Accidental Factors

The Kirkpatrick Learning model helps with evaluating the effectiveness of training. It proposes evaluating at four levels:

  1. Reaction: What did learners think of the training
  2. Learning: Did learners improve their understanding or skill from before the training
  3. Behavior: Are learners applying the new/improved skill contextually
  4. Results: Have the organizational outcomes changed

Training design goes in the other direction, starting with the result, identifying the behaviors that need to change, and the learning needed to drive those behaviors.

My impression is that step 3 is the really tricky one. A lot of training interventions have a clear idea of the results they want, but don't do enough to consider what behavior change would be needed, and whether the environment actually supports that behavior. I suspect for most effective training the learning needs to be accompanied by environmental changes that incentivize the right behavior.

I’ve recently read two great pieces of writing that start with a well known exceptional thing, and largely show that it is predictable, given a proper understanding of the circumstances. The first is Human Advantage by neuroscientist Suzana Herculano-Houzel. The book tackles the notion that the human brain is exceptional: exceptionally large, exceptionally high in neurons, exceptionally high in energy cost. It turns out that the human brain is all of these things - large, costly and complex - but not in an exceptional way: it is pretty much as expected for primates of our size, and the really interesting evolutionary deviation was that of primates from other mammals.

Similarly, Random Critical Analysis looks at healthcare spending in the US, which seems high, but turns out not to be as a percentage of household disposable income. It is much more in line with other service spending, and the experience in other countries even under different organizations of healthcare spending.

Both a great reads, and I found the rhyme between the two particularly interesting - something that seemed exceptional and special case was in fact part of a general case pattern. That changes how you look at it, and the kind of interventions you might try to improve a deficiency. I suspect this pattern is a common one - if we think some large scale result is somehow unique to the group being looked at, we are likely to be wrong, and should at the very least investigate whether, in fact, this is just "another one of those".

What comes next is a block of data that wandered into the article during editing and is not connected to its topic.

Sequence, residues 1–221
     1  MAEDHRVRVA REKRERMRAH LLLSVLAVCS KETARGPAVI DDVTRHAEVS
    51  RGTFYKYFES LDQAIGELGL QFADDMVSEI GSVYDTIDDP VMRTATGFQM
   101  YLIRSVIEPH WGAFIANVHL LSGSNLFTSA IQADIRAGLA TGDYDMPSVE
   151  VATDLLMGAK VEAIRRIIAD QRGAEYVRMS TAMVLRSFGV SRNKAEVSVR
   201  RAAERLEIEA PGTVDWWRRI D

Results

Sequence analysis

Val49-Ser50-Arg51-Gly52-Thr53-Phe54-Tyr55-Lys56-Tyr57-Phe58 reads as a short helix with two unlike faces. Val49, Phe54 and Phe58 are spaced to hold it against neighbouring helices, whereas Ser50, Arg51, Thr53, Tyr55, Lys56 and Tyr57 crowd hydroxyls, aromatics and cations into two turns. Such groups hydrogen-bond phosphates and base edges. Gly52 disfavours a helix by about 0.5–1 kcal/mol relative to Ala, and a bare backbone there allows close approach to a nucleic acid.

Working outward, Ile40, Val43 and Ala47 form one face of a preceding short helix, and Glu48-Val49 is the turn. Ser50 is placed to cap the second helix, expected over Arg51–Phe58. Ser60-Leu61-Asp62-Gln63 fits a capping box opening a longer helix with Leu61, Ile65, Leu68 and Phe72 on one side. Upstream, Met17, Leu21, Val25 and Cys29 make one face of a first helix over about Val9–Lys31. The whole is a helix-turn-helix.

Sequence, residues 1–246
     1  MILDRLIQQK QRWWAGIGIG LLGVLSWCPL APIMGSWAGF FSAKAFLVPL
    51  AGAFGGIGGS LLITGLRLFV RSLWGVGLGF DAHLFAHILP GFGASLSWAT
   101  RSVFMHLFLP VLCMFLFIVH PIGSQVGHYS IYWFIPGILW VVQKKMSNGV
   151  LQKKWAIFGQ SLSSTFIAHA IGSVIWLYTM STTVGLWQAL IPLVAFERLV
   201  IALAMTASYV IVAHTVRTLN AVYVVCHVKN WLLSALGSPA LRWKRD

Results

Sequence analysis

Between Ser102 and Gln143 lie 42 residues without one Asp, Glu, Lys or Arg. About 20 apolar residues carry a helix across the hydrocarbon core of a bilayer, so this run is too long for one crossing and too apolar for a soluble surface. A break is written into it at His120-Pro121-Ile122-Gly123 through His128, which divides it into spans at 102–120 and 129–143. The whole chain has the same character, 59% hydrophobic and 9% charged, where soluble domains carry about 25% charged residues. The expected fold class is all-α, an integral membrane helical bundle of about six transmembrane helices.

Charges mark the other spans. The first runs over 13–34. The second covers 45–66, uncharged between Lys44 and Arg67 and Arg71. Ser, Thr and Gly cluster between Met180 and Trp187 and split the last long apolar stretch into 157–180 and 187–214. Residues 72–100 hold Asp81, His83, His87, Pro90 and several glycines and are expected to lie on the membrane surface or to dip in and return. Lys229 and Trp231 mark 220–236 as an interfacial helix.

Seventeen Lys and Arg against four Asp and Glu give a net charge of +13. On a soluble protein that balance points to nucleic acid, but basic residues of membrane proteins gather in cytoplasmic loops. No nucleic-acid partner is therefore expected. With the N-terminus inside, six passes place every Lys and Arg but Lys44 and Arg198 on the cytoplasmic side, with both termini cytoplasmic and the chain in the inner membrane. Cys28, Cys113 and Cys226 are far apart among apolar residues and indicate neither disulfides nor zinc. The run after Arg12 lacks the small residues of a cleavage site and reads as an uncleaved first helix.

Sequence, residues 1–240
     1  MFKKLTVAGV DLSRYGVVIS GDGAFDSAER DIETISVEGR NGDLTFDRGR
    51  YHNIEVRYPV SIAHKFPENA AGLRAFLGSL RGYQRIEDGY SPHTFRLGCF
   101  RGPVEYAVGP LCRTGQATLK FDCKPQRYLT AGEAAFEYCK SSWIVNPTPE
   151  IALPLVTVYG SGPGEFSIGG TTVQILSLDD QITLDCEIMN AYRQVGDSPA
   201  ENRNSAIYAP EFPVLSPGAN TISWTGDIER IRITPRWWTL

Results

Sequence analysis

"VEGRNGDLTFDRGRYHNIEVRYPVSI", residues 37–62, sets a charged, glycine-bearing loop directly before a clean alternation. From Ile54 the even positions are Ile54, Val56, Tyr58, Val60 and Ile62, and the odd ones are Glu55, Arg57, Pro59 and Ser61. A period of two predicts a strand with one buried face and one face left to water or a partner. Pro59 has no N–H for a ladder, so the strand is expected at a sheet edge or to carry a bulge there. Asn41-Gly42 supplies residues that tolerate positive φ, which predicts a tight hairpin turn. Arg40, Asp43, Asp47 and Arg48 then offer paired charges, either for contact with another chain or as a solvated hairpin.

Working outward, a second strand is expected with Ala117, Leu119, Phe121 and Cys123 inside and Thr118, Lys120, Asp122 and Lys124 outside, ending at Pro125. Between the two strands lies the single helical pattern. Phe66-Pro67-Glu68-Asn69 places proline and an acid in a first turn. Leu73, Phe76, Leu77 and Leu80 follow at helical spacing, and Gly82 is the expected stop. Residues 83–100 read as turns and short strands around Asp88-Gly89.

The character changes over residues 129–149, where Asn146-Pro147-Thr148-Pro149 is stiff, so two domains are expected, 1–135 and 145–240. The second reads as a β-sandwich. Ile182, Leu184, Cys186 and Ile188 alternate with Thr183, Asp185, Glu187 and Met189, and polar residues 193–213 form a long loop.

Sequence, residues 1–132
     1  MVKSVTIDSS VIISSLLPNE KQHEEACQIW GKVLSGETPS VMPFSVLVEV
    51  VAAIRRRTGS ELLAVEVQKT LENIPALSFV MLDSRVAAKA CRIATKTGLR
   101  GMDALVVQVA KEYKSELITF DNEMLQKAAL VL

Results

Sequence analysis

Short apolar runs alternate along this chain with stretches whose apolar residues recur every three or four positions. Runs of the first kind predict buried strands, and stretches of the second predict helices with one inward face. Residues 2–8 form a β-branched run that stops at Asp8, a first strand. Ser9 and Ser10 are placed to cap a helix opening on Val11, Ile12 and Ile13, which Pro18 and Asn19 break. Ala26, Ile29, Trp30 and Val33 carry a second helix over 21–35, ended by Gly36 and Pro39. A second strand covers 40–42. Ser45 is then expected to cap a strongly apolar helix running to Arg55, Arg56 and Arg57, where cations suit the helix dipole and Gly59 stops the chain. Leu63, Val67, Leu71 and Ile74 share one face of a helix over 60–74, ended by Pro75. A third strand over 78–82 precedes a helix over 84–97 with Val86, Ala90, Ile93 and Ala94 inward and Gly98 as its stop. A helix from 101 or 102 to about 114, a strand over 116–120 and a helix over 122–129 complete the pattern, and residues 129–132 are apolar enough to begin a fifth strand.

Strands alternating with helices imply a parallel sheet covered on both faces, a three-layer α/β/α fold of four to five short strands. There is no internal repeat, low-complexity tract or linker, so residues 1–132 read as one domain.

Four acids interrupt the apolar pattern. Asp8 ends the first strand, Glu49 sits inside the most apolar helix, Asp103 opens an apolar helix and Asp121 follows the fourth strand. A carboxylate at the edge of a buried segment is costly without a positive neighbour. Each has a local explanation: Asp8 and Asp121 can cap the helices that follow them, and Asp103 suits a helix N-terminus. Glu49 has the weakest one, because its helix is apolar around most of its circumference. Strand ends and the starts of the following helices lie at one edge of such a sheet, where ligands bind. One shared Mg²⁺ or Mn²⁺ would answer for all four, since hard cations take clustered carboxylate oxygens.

There are quite a few organizational maturity levels, but I've generally found them either too specific to a certain domain, or too speculative to apply properly. I recently read a Miller Heiman Group publication that included the one they have developed for sales enablement processes. It seemed to strike the right mix between practicality and useful, and I've found it helpful in getting an orientation on a few process-related questions.

The four levels (at least in how I interpret them) are:

Random: While the process is happening, its generally due to the actions of individuals or small teams, and there is no formal coordination across the organization in this domain.

Organized: There is some cross-team coordination in at least one part of process, there is a general recognition of the need for such a process, and the core audience the process serves is well defined.

Scalable: The process is organized across all parts, there is a governance method determined, and a broader set of audiences/stakeholders is considered.

Adaptive: The process has visibility at high levels of the organization, and there is a second level of direction setting to reflect and redirect on it.

Its pretty easy to map these to questions to ask to ask or things to look for. For example, if I were looking at a hiring process at a company I might consider: